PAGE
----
Passing Multiple Values As Parameters to get Multiple Columns with Comma Seperation


  •     Create procedure temp
        @MID smallint

        select TranID,
        [MonthValue]=(CASE WHEN @MID=1 THEN Jan
    WHEN @MID=2 THEN Feb
    WHEN @MID=3 THEN Mar
    WHEN @MID=4 THEN Apr
    WHEN @MID=5 THEN May
    WHEN @MID=6 THEN Jun
    WHEN @MID=7 THEN Jul
    TblTran as M
         where TranID=1 and
               M.Month = @MID

    This is a stored procedure with a parameter @MID
    that i'm using to generate a report using SSRS.   
    If a single value is passed to the parameter it works fine.   

    For example-

    Transaction Table

    TranID | Apr |  May  | Jun   | Jul  
        1     |  50  |   30  |  11   |   30   
        2     |  51  |   39  |  100  |   30

    if i execute with   

    Exec 4 
    the result is what i expect 

        TranID  |  MonthValue    
        1          |   50   **-- ie Aprils value**

    But I need to pass multiple values to the parameter   

    exec 4,5,6

    and desired result should be

        TranID  |  MonthValue        
        1          |   50,30,11     ***-->Comma Separated values of columns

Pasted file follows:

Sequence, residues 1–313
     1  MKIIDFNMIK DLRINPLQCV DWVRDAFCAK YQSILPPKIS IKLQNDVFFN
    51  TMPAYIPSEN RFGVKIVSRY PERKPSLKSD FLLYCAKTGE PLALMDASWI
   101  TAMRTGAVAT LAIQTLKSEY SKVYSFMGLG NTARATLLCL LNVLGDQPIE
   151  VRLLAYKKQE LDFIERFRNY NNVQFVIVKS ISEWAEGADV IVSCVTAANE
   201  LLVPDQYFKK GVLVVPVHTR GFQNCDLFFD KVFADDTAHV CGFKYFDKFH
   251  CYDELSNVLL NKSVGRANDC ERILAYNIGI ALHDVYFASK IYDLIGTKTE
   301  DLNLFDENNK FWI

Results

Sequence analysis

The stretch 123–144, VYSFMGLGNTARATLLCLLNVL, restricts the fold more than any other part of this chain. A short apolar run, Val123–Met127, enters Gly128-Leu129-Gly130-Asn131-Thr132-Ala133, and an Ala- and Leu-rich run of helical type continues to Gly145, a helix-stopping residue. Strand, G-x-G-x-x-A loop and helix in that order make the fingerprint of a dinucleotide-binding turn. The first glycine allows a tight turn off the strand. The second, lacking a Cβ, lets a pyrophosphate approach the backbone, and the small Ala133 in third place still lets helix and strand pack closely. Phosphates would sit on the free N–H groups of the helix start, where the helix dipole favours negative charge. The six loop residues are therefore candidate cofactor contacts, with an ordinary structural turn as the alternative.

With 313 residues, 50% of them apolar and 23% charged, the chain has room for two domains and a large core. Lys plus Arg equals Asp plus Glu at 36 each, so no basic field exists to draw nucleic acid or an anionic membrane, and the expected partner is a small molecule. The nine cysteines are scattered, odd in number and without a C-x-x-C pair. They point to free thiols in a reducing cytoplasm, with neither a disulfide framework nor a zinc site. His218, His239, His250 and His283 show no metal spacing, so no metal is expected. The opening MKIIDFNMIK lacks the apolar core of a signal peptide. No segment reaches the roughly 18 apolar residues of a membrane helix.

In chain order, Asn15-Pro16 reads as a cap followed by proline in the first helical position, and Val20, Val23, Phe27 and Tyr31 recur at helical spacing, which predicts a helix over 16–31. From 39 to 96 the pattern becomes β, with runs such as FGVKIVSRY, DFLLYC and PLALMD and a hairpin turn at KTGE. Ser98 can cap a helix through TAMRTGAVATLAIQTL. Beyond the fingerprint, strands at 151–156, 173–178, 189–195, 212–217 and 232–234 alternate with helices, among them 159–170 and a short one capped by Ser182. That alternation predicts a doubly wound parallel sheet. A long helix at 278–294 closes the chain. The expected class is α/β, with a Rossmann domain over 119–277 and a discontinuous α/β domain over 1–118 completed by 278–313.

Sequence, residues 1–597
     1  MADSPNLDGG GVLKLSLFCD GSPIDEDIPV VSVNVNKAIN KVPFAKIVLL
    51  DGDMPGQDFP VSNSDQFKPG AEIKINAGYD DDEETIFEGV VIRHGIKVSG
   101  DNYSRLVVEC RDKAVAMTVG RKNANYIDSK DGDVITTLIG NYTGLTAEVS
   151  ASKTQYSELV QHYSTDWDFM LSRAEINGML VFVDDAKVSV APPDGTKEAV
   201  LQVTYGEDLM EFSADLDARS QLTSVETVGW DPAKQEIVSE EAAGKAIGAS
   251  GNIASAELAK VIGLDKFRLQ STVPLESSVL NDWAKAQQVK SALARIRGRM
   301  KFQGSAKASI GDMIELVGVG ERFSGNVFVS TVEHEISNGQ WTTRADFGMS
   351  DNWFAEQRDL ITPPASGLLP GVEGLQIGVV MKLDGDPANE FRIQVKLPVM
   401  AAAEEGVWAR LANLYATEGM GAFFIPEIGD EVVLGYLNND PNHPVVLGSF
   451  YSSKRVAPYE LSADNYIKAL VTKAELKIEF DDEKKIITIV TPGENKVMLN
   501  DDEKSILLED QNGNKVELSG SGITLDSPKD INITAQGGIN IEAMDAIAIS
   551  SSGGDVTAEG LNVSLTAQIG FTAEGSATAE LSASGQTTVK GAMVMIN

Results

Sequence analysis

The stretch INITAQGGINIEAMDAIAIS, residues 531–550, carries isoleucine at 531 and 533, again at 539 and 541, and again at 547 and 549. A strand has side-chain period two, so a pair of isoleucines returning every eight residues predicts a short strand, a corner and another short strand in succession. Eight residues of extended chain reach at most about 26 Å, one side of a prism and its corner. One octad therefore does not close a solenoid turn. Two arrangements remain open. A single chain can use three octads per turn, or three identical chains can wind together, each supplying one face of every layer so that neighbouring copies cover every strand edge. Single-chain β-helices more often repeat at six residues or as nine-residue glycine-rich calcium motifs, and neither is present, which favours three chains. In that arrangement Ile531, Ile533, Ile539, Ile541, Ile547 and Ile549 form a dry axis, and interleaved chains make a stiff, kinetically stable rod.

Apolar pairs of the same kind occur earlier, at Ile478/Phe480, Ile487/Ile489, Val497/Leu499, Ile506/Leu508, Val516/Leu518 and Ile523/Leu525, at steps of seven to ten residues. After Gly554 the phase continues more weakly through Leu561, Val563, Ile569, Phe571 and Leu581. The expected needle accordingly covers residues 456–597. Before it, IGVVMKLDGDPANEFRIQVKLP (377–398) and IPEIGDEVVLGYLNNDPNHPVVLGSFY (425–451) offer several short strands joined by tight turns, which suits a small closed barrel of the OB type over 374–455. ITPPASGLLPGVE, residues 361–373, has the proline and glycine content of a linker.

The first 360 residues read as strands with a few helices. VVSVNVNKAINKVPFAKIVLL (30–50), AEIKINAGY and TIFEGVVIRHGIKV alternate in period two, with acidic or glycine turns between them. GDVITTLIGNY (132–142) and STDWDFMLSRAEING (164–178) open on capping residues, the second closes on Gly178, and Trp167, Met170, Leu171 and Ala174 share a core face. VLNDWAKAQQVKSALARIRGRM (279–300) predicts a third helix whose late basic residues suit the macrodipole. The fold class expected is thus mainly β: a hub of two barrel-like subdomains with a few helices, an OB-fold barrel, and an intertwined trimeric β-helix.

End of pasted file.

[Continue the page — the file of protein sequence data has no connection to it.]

how can i acheive result like this??

    • Edited by Friday, April 05, 2013 11:32 AM
    Friday, April 05, 2013 11:26 AM


All replies

  • You can try Table valued parameters...

    Use Table-Valued Parameters

    SQL Server 2008: Table Valued Parameters

    A series of article from Erland Sommarskog on passing arrays to stored procedure is below:

    Arrays and Lists in SQL Server

    Krishnakumar S

    Friday, April 05, 2013 11:40 AM
  • And the comma separation is a display issue that should be handled by your presentation layer (e.g. front-end application or report).

    blog | twitter

    Friday, April 05, 2013 11:42 AM
  • Other option can be to use a user define split function and do the necessary changes in your select statement.

    Here is the link. 

    Regards, RSingh

    Friday, April 05, 2013 2:16 PM
  • Why do you think that First Normal Form (1NF) does not matter? What did Dr. Codd miss that you see? 

    Why are you using a procedure when all you need is a CASE expression? The answer is that you are still thinking in  procedural code and do not know how a declarative set-oriented language like SQL works. 

    --CELKO-- Books in Celko Series for Morgan-Kaufmann Publishing: Analytics and OLAP in SQL / Data and Databases: Concepts in Practice Data / Measurements and Standards in SQL SQL for Smarties / SQL Programming Style / SQL Puzzles and Answers / Thinking in Sets / Trees and Hierarchies in SQL

    Friday, April 05, 2013 5:49 PM